More of...Key things to understand with DMR

Zones:

Think of Zones as groups or regions of channels. For example if you are traveling you can have an "SF Bay Area" Zone and maybe a "Reno" or "Las Vegas" zone with presets which you would only use when traveling there. You can also split digital and analog into zones if your radio supports both and if you use a hot spot, this can even be a zone. It is all up to you and how you want to organize your radio channels. You can even put repeaters into their own zones. More about this my getting started with programming DMR article on this website.

There is really no right or wrong way to do Zones. In fact on some radios, perhaps due to their navigational menu system, it makes more sense to organize things one way and on another radio differently. My TYT, AnyTone, and Motorola are all organized differently.

Brandmeister Network:

Tailored to Motorola TRBO and basically think of this as a collection of interconnected worldwide servers mainly allowing and organizing DMR communication. Talkgroups and numbering may be unique so important to manage them separately if you use more then one such as the one below. I tend to stick with Brandmeister. You can find more info here: https://brandmeister.network/

DMR-MARC Network:

As above, this is also a collection of servers and interconnected systems. In case you are wondering Marc is not a buy but stands for "Motorola Amateur Radio Club Worldwide Network". These are generally static talk groups and unlike Bandmeister are not dynamic. You can find more info here: http://dmr-marc.net/

This page is sponsored by:

APRS

DMR does support APRS. This info can be sent with the voice data and works fine with single VFO radios. Handled much like it would be handled via and iGate for example unlike it would be un the analog world via the traditional APRS frequencies using Frequency Modulation (FM). NOT all radios will do APRS and the radio will need GPS to be able to provide location info, so keep this in mind when making a purchasing decision. Also note, some radios have better GPS then others and it is not always based on price!

Other important things to note:

The pace of DMR communications is a little slower to allow others to break-in. Also try not to tie up a broad Talk Group, move to a smaller or private for longer QSOs. If you are using a hot spot, make sure you have at least somewhat decent internet as this can be frustrating for others on the other end if there is a lot of dropouts and signal quality issues. Lastly, folks will key up to change to a Talk Group and their name and call may appear. It does not mean they are looking to chat necessarily. I personally listen a lot more than talk.

Technical specs:

For those really interested in the technology behind DMR, here we go! The channel Spacing is a mere 12.5 kHz as one would expect. Using Modulation rate of 9600 Baud (much like the old dial-up modems) and 4-FSK. 2 Slot Access (TDMA, much like the old AT&T cell system used a few years back). Basically TS1 and TS2 for DMR purposes and can be used at the same time. These alternate in blocks of 30ms containing binary data which alternates. Voice Coder is DVSI AMBE+2 at 3.6 kbps rate.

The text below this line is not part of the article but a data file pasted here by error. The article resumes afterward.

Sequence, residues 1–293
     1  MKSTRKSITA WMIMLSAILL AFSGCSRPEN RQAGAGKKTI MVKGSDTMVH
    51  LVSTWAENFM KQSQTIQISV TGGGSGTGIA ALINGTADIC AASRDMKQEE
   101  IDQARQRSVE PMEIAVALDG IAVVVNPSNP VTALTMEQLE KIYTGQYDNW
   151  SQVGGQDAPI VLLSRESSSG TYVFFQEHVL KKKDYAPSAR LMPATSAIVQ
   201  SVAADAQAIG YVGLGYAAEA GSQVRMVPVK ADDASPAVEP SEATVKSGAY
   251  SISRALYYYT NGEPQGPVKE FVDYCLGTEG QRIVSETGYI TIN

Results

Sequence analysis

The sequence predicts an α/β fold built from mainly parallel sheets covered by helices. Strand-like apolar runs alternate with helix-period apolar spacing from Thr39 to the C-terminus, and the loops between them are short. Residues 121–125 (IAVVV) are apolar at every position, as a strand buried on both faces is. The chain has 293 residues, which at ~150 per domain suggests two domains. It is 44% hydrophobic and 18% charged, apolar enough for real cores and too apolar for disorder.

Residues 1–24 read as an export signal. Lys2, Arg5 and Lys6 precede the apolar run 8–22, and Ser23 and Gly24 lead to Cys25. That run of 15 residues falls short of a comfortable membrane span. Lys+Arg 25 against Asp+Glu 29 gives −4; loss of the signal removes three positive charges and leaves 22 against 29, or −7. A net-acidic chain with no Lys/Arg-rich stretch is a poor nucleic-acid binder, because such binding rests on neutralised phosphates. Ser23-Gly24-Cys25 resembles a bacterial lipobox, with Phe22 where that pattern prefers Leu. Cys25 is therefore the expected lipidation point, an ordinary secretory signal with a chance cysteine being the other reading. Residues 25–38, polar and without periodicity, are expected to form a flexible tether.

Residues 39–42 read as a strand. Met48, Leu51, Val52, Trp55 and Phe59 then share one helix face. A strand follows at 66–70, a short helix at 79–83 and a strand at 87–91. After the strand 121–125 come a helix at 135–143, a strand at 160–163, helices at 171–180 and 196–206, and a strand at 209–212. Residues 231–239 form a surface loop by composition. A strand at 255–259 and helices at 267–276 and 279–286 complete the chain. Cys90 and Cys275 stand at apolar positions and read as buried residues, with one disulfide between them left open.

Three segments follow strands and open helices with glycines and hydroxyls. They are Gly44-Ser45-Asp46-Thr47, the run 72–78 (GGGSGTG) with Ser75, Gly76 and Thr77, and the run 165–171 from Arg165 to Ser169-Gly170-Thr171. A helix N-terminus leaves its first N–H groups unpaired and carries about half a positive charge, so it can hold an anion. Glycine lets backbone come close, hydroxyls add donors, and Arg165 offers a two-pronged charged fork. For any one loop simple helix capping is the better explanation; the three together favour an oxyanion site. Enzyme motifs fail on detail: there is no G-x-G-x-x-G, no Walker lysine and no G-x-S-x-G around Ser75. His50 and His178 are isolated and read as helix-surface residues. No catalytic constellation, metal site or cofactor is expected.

If you feel you have learned something and this encouraged your interest, keep reading about DMR on Getting Started with DMR radio Programming on this site.

 

Motorola_DMR_with_WIFI_v2

Options for DMR Radios:

Many new radios now include (or as an option) Bluetooth. This can be used for headsets, PTT and so on. Some, like some of the more expensive Motorola units like the XPR 7550e also include Wifi even as seen above.

So who makes DMR radios?

  • Alinco - Very nice units, although the radios I hear are not actually made by them but rebranded.
  • Aliunce -
  • Anysecu -
  • AnyTone - Mainly the D878UV is a nice unit. Nice displays, easier to program and often updated software. Pictured on the right. I own one and it is my current favorite!
  • Baofeng - Not generally recommended by me.
  • Connect Systems -
  • Hyteria -
  • Motorola - Commercial Grade, great units but harder to program, software costs a lot as do the radios. Also sometimes displays are limited. Not for beginners but by far the best-built units.
  • Kydera -
  • Radioddity - Another brand with dual-band option.
  • Revetis -
  • TYT - Formerly Tytera. Widely used, very good units. MD-380 is one of the top units.
  • Vertex - Basically Yaesu Commercial branding.
  • Others I may have missed...

Additional resources:

https://qsl.net/w9fe/dmr.html - A Great starter site!

http://pnwdigital.net/info/IntroductionDMR.pdf - Great PDF on DMR

https://www.radioid.net - is where you get your DMR ID from

https://www.dmrfordummies.com/ - Yet more reading on DMR

http://dmr-marc.net/ - The DMR MARC Network

https://brandmeister.network/ - The Brandmeister Network

If you find something incorrect and/or have an update, I would really appreciate if you could let me know by contacting me. I like to keep things as up-to-date as possible. Thank you! - Lucas / W6AER